Monday, March 5 – took a quick walk on the Cabin John Trail. Most of the green forbs were aliens, though the new foliage of a few ephemerals was coming up.
There was one small clump of round-lobe hepatica (Anemone americana; Ranunculaceae) with a few buds opening. It’s early, but not too early, for this species to be flowering.
And a few clumps of Virginia bluebells (Mertensia virginica; Boraginaceae), one of which was starting to bloom. This is quite early, but with the ephemerals I often see one or two blooming on either end of the bell curve. Peak bloom for bluebells is probably at least three weeks away.
I know this is irrelevant, but do you happen to know the species of the oak that dropped the leaf in the lower right corner of the picture of the Virginia bluebells? I know it is not a blackjack oak. It looks just like our valley oak, but is thousands of miles away.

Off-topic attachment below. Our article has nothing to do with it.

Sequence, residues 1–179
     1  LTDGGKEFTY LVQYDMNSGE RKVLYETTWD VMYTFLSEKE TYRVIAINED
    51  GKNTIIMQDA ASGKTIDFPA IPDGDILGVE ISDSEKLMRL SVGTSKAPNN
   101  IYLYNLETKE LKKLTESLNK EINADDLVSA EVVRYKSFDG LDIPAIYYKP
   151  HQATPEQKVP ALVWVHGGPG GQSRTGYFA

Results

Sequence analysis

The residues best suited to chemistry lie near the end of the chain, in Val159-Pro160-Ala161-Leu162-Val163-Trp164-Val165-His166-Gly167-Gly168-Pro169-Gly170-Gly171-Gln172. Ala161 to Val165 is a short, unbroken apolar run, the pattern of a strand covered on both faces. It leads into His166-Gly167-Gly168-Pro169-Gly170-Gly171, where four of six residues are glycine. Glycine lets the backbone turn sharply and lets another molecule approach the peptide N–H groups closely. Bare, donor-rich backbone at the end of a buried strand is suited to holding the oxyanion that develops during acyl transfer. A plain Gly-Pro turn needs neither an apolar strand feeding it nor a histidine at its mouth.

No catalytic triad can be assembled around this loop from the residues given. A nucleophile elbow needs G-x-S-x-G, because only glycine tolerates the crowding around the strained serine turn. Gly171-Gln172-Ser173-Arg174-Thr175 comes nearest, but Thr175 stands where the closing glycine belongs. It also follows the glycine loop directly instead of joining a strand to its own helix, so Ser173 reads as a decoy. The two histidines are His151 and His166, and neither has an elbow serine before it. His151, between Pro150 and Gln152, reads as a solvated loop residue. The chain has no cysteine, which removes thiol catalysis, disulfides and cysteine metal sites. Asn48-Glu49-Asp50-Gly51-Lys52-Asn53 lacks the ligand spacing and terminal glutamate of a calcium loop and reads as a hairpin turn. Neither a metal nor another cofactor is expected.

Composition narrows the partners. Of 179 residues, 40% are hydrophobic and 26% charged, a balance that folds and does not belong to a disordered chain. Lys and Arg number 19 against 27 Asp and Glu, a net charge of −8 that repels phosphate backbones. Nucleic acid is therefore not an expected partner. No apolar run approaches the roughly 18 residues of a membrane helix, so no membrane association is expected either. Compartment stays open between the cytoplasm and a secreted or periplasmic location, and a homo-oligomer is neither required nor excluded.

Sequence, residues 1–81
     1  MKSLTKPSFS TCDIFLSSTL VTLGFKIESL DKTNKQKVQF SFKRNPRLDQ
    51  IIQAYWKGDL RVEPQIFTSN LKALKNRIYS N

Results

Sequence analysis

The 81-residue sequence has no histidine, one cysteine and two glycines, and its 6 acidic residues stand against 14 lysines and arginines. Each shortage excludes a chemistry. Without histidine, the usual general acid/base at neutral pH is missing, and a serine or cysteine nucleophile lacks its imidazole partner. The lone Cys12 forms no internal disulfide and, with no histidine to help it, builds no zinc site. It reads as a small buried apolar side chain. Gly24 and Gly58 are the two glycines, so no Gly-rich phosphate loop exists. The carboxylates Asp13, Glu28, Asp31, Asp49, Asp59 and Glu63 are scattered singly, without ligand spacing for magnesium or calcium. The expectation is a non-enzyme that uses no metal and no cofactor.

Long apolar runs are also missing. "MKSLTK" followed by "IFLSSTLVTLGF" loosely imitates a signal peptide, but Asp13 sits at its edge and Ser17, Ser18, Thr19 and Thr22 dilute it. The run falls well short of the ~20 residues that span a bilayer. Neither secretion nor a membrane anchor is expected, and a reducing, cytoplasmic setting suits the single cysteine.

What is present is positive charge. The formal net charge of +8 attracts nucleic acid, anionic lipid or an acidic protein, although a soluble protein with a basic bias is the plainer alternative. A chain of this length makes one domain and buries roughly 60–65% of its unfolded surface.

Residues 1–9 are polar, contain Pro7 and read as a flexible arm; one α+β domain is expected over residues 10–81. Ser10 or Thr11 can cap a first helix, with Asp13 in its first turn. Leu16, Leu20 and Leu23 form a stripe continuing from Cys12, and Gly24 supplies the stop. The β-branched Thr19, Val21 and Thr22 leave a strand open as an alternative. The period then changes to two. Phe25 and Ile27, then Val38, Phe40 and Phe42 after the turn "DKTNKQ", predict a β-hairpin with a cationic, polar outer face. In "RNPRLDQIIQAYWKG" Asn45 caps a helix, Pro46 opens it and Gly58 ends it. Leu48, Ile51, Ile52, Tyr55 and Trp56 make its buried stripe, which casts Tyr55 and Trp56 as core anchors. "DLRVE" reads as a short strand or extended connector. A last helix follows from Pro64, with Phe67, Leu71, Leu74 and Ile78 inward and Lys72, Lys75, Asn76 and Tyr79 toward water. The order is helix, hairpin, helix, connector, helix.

I don’t know – oak ID is tricky, and this isn’t much to go on. There are 22 known species in Maryland (https://www.marylandbiodiversity.com/viewChecklist.php?genus=Quercus). If I had to guess I’d guess Q. alba.
I think that round-lobe hepatica (Anemone americana; Ranunculaceae) is one of the wildflowers I’ve been trying to identify! This is my first Spring in KY and every walk in the woods uncovers a new floral treasure!
Nice! I am glad to have helped. More/better pictures of this plant coming soon (I was out shooting earlier today). I don’t have a key or anything like that on the blog but try looking in the archives for March and April of the past several years if you’re trying to identify more or your finds.
Pingback: If There’s One, Maybe There Are More | Elizabeth's Wildflower Blog